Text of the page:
Friday, 28 March 2014



Because it doesn't really matter. This is a film with none of those nasty rough edges: minimal swearing, minimal sexiness, minimal violence, a bland, wipe-clean sheet of machine-rolled plastic that couldn't hurt you if it was thrown in your face by a ninja. It's entirely safe, hollow and meaningless; 105 minutes of generic production-line emptiness. That's not to say it's terrible, that's not to say it's not passably entertaining while it's on, just that it's never anything more than a 12-certificate factory product.

I don't even know why it's called Paranoia: it should just be given a barcode. Liam Hemsworth is the buff computer whizz who's railroaded by his evil (and inexplicably Cockney) ex-CEO Gary Oldman into stealing a revolutionary cellphone prototype from his old rival Harrison Ford, otherwise Liam's looking at ten years for credit card fraud and his dad Richard Dreyfuss isn't coming off that oxygen tank any time soon. Can Liam perform a Mission: Impossible heist in the few minutes he can get the security cameras offline? Meanwhile the FBI are after him, and his new girlfriend, senior executive Amber Heard, is starting to suspect him....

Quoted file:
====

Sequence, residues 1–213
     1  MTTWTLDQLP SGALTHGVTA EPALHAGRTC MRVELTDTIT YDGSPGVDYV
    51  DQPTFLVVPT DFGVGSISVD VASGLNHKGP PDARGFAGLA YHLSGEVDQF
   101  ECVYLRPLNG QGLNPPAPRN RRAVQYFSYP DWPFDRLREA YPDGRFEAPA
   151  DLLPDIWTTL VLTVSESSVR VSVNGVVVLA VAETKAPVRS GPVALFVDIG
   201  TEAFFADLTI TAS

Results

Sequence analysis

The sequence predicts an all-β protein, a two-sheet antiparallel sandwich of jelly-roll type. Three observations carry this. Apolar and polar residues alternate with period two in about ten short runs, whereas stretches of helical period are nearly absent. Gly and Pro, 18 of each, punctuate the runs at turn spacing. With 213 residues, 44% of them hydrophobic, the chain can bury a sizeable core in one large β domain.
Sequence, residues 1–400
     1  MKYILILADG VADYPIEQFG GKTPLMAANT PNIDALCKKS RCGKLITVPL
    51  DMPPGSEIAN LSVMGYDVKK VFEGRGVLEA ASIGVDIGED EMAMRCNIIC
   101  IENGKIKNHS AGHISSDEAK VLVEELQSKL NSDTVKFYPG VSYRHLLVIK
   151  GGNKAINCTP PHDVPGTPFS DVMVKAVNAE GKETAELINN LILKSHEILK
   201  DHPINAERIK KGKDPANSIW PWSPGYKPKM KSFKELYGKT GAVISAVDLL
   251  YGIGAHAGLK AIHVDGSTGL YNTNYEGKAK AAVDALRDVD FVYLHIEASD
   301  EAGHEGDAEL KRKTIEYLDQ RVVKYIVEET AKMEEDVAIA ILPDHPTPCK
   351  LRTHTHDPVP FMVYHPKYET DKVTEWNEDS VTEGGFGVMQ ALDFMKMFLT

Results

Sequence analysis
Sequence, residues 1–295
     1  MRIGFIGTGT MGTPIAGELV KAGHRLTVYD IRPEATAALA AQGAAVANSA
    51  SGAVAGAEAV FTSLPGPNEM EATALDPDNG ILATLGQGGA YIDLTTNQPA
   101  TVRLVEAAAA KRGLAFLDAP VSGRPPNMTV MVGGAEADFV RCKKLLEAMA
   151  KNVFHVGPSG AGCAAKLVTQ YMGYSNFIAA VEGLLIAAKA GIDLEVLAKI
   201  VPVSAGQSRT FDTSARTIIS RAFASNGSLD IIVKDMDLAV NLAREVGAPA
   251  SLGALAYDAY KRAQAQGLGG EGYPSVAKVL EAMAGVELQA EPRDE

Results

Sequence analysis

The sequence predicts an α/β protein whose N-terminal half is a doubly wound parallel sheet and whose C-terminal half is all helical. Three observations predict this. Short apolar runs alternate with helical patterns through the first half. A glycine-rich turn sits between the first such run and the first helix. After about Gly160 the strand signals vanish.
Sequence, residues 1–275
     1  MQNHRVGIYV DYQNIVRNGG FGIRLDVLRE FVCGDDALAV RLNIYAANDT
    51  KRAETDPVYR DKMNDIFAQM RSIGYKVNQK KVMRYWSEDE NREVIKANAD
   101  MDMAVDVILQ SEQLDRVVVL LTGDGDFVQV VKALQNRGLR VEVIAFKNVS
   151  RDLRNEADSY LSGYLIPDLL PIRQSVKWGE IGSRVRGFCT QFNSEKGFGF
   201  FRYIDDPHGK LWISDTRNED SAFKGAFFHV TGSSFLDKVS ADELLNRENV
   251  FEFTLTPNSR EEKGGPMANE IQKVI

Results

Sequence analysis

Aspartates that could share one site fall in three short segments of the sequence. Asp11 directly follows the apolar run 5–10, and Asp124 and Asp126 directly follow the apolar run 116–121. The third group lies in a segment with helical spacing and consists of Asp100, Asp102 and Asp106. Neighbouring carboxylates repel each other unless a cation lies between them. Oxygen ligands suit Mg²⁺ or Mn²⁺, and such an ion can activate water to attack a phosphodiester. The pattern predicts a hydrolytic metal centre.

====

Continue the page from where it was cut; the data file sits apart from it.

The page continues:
There's nothing wrong with Paranoia; it's merely that it's never any better than that. Whenever Harrison Ford, Richard Dreyfuss and Gary Oldman are on screen the film picks up, because they know how to lift the material and put the serifs on the script's Arial typeface. It's directed by Robert Luketic, who made the similarly "whatever" Killers, a film with nothing on its mind except the arguably godlike physique of Ashton Kutcher and some safe, easily marketed action thrills. This is just as perfunctory, just as anonymous, just as devoid of personality. But while it's on, it's enjoyable enough in its way: chases, ticking clocks, plot twists, ruthless assassins, technological whizzery that's no more plausible than the sonic screwdriver. For a Friday night with some big name stars not exactly stretching themselves for the paycheque, it's fine.


They are out to get you.

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